What substantive protections are typically available?
The 2002 BLEU Model BIT (and most BLEU BITs) grants investors protection in the articles that follow:
- fair and equitable treatment and continuous protection and security, with the exception of measures required to maintain public order (article 3);
- national treatment and most-favoured-nation treatment, with the exceptions of tax matters and privileges granted by one contracting state to investors of a third state by virtue of its participation or association in a regional economic organisation (article 4);
- prohibition of expropriation or nationalisation (or any other measure having the effect of directly or indirectly dispossessing investors of their investments), unless reasons of public purpose, security or national interest require a derogation; in which case, the measures must be:
- taken under due process of law;
- neither discriminatory nor contrary to any specific commitments;
- accompanied by provisions for the payment of an adequate and effective compensation, amounting to the actual value of the investments on the day before the measures were taken or became public (article 5); and
- free transfers of all payments relating to an investment (article 6); and
- umbrella clause (article 9).
What are the most commonly used dispute resolution options for investment disputes between foreign investors and your state?
The two investment arbitrations filed against Belgium reported to date have been conducted under the ICSID Rules and administered by the ICSID Secretariat. The 2002 BLEU Model BIT (article 10) allows investors to refer the arbitration to:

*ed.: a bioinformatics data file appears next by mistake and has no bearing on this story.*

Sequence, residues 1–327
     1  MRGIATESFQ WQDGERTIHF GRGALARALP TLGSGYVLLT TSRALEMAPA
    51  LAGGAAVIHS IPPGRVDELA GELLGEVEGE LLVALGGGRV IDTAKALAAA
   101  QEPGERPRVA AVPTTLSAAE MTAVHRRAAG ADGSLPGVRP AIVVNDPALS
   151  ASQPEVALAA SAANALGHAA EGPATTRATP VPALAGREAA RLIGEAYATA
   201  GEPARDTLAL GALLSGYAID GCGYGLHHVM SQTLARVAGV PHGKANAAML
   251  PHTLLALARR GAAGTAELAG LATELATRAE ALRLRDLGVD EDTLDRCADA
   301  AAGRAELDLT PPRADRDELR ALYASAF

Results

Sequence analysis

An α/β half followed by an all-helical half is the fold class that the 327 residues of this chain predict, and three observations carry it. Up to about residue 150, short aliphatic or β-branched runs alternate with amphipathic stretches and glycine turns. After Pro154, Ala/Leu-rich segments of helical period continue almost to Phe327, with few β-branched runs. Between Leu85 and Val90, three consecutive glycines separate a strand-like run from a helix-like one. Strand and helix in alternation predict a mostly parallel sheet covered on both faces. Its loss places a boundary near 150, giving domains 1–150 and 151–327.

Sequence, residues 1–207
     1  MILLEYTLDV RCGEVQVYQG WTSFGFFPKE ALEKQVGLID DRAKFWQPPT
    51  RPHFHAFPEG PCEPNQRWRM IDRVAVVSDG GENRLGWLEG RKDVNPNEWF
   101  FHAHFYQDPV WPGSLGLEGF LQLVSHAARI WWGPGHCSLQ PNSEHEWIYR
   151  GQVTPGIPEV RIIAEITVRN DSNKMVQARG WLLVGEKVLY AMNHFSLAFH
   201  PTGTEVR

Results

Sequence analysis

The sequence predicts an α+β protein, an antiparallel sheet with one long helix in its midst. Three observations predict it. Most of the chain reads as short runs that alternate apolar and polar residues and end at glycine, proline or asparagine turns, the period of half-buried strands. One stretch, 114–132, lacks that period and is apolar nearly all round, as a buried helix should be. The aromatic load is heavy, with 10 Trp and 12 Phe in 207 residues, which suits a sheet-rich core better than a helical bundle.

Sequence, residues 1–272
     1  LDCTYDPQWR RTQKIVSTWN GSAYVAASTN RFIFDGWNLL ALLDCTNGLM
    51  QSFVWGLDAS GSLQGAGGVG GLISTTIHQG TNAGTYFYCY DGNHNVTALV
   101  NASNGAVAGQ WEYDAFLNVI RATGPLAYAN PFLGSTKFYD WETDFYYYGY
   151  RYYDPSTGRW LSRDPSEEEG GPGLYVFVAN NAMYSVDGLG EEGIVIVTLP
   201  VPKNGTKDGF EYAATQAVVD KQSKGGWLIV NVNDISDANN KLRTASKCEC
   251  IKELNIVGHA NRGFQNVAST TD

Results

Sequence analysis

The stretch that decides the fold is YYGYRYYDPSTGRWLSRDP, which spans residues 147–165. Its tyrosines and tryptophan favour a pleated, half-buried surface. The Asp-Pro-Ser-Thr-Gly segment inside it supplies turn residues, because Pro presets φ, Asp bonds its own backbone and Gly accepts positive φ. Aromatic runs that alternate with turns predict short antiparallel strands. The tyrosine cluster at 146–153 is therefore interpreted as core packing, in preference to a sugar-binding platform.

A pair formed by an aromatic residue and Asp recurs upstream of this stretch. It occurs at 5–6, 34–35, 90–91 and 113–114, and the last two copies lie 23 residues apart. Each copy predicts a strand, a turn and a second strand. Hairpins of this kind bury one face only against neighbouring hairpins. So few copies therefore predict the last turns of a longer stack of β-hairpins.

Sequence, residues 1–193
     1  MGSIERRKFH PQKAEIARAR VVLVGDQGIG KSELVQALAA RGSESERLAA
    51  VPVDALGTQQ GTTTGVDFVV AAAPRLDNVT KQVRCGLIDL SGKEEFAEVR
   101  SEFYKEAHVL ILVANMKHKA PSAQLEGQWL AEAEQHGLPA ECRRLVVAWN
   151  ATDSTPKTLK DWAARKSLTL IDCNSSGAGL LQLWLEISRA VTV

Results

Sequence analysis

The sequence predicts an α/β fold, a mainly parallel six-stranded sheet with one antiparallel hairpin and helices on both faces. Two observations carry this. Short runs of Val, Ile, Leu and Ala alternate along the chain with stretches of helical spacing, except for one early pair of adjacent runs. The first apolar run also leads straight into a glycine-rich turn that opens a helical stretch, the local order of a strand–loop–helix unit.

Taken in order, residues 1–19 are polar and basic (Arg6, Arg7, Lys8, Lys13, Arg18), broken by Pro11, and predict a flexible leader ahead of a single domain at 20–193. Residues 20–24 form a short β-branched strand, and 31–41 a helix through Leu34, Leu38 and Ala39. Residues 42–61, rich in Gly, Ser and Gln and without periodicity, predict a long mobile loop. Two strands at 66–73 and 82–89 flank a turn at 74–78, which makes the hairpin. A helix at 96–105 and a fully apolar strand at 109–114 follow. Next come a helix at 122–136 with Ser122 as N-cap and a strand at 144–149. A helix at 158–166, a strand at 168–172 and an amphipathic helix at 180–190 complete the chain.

- an ad-hoc arbitral tribunal sitting under the UNCITRAL Rules;
- the ICC; or
- the SCC.
Does the state have an established practice of requiring confidentiality in investment arbitration?
Does the state have an investment insurance agency or programme?
Belgium established an official export credit agency, Office national du ducroire - Nationale Delcrederedienst, in 1939 (although its origins date back to 1921). This agency, rebranded as Group Credendo to underline its internationalisation, offers insurance to companies and financial institutions against ‘financial losses due to commercial failure or political events emanating from any public authority which can prevent the due performance of a contract or an investment’, including ‘confiscation, expropriation, nationalisation, requisition or destruction of the company’s assets; selective discrimination making your investment uneconomical; forced abandonment of the investment; forced divestiture of the shareholding interest; non repatriation of dividends, debt repayments or proceeds from a forced sale; arbitrary and unfair call of guarantees by a public sector buyer; non honouring of arbitration awards; equity and lenders in infrastructures projects’ (see: www.credendo.com/about/credendo-export-credit-agency). Credendo offers worldwide protection, which is not contingent to the existence of an investment treaty between Belgium and the host state.
Since 18 September 1992, Belgium has been a member of the Multilateral Investment Guarantee Agency, an international organisation that is part of the World Bank Group that offers political risk insurance and credit enhancement guarantees (see: www.miga.org/what-we-do).